The vast deserts, the bustling cities, and the enormous skyscrapers of the United Arab Emirates eclipse the comprehensive legal system that accounts for the everyday workings of daily life. For those living in the country and those that understand the ins and outs of the system, it is a magnificent organism that details the protection of its inhabitants. One area of law unbeknownst to many civilians around the world is the custodial aspect of family law in the U.A.E. Similar to countries all over the globe, the end, and most important, goal in custody battles is the best interests of the child. Custody laws in the U.A.E. are fraught with mentions of the child's best interests.
An interesting facet of custody laws in the U.A.E. is the different roles assigned to mothers and fathers. These differences are most often seen in the descriptions of guardians and custodians. A guardian of a child financially maintains the child, makes important decisions about the child's education and upbringing, and generally takes care of the child's affairs.1 The custodian, on the other hand, is concerned with the child's day to day life; the custodian has actual, physical custody of the child and must raise, take care, and up bring the child.2 This separation between custodian and guardian is not definitive, for it is possible for one parent to play both roles. Most often the mother is awarded custody, whereas the father is always considered the guardian; however, everything is dependent on the child's best interests.
In divorce cases, spouses typically fight over the custody of the child, and generally it is the mother who wins out in the U.A.E. Again, since the courts of law are only concerned with the child's best interests, mothers are not awarded custody when they are deemed unfit. The custodian needs to fulfill a list obligations, including being of sound mind, honest, mature, capable of raising a child, free of infectious disease, and not sentenced to a serious crime.3 If a parent contradicts any of the aforementioned conditions, the laws indicate that the child must be placed with the one that will seek the child's best interests. Certain laws even specify that a custodian must be of the same religion as the child4; nevertheless, courts must not adhere to that condition if the interests of a child are best served with a custodian of a different religion.5 Though the separation between custodian and guardian, mother and father, and husband and wife may seem complex at first, it is important to note that the main question of concern is: what are the best interests of the child?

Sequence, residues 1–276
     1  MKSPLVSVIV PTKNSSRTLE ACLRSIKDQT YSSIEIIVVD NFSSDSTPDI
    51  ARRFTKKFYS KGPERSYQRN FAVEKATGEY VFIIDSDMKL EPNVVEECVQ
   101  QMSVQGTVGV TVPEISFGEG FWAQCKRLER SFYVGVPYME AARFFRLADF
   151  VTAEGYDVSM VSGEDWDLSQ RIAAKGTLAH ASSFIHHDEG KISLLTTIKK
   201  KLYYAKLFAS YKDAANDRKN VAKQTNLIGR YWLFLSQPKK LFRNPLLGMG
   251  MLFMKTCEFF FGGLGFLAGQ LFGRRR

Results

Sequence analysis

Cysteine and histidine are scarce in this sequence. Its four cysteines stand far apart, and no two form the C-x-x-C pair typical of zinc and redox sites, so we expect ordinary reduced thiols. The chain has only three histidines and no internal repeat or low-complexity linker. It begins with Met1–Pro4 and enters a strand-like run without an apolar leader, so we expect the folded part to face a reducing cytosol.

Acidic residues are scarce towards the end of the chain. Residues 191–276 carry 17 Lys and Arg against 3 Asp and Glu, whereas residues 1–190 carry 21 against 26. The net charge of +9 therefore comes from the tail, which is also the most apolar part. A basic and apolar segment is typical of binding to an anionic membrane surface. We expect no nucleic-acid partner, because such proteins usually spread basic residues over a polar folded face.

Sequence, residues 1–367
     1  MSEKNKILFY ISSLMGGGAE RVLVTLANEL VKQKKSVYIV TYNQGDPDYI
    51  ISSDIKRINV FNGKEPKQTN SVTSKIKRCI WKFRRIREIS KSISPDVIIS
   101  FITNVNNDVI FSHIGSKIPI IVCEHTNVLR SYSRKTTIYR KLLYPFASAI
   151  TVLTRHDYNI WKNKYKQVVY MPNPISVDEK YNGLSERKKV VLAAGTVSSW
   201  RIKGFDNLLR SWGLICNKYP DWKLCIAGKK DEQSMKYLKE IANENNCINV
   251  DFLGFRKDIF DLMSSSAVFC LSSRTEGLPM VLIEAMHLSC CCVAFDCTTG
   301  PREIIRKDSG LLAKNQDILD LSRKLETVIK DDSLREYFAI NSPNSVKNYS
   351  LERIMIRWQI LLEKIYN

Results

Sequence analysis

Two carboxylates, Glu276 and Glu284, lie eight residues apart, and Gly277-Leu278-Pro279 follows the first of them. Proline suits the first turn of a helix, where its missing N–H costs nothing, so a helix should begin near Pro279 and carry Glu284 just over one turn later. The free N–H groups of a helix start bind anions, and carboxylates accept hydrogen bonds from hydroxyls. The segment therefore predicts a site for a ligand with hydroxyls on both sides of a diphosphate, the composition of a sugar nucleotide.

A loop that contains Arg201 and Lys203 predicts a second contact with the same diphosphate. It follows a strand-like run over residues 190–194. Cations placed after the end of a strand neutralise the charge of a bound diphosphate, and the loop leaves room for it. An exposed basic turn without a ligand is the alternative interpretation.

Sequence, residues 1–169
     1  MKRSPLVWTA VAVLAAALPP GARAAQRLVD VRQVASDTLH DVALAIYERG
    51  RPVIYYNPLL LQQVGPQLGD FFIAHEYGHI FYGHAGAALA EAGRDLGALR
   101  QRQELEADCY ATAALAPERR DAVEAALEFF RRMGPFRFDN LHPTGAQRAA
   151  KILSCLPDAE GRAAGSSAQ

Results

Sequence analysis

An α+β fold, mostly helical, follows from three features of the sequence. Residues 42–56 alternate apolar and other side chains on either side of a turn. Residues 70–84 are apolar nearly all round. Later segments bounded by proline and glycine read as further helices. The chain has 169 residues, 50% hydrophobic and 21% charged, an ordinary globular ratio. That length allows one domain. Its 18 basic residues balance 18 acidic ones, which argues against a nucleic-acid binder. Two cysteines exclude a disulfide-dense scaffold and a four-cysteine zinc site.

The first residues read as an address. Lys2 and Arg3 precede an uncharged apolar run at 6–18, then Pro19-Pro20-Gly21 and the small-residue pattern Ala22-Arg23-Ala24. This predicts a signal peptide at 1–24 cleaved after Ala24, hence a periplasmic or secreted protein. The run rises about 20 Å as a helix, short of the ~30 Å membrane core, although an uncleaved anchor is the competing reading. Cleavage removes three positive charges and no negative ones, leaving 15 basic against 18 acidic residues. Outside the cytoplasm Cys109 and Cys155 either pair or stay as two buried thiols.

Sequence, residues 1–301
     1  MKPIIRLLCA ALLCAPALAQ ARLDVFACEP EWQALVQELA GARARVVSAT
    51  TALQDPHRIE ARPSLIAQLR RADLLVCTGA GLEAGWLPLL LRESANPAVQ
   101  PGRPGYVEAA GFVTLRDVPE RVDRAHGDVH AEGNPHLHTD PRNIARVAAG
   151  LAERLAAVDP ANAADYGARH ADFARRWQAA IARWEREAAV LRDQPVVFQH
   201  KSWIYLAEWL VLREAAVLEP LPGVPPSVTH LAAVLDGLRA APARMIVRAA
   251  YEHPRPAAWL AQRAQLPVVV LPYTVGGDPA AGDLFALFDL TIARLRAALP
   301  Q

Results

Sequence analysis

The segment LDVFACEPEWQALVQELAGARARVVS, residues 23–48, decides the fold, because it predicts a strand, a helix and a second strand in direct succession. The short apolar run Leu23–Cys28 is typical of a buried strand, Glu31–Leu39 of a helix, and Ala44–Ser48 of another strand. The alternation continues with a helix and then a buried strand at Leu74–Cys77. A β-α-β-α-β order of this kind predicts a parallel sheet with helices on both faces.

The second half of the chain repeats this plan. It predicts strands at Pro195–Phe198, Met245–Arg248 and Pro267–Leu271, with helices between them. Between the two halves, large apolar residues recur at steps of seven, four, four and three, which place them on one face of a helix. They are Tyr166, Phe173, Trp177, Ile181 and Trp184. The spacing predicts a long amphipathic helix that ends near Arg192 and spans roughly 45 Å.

Although divorces and custody battles are messy, the comprehensive laws in the U.A.E. attempt to cover as many situations as possible, and it is essential in their practical use to center the issue onwhat is best for the child. For example, Article 156 of the Federal Law No. 28 of the year 2005 (UAE Personal Status Law) states that the custody of a child should go to the mother, until 11 years of age for a boy and 13 years of age for a girl. In that same clause, the law sets out that this circumstance can change if the court determines something else is best for the child.6 A recent case concerning child custody reached the Supreme Court of Abu Dhabi. In this case the child, a young girl of 13 years of age, who lived with her mother, the custodian, was to be returned to the guardian, her father, in accordance with Article 156, mentioned above. After months of trials, hearings, and appeals, the Supreme Court of Abu Dhabi did not grant the father custodianship. Though this goes against Article 156, the court found it would be in the best interests of the young girl to stay with her mother until she is married.7 It is clear that legally and practically speaking, the goal is the same – custody is awarded to the parent that best fits the needs of the child's best interests.
The United Arab Emirates may be a vast wonderland to some, but to others, it is a paradise on Earth. The laws of the U.A.E. seek to protect the inhabitants, and most importantly children, in every way imaginable. These laws are laced with concern for the child's well-being, and everything centers on what will be the best for him or her. The strict protection of a child's best interests is just one of the many gems in the vast Emirati desert.
1 Article 148 of the Federal Law No. 28 of the year 2005 (UAE Personal Status Law).
2 Article 142 of the Federal Law No. 28 of the year 2005 (UAE Personal Status Law).
3 Article 143 of the Federal Law No. 28 of the year 2005 (UAE Personal Status Law).
4 Article 144of the Federal Law No. 28 of the year 2005 (UAE Personal Status Law).
5 Article 145of the Federal Law No. 28 of the year 2005 (UAE Personal Status Law).
6 Article 156of the Federal Law No. 28 of the year 2005 (UAE Personal Status Law).
7 Dajani, Haneen. "Girls 'Should Stay with Mothers Until Marriage'" The National. Abu Dhabi Media, 18 May 2012. Web. 06 June 2012. < http://www.thenational.ae/news/uae-news/courts/girls-should-stay-with-mothers-until-marriage >.
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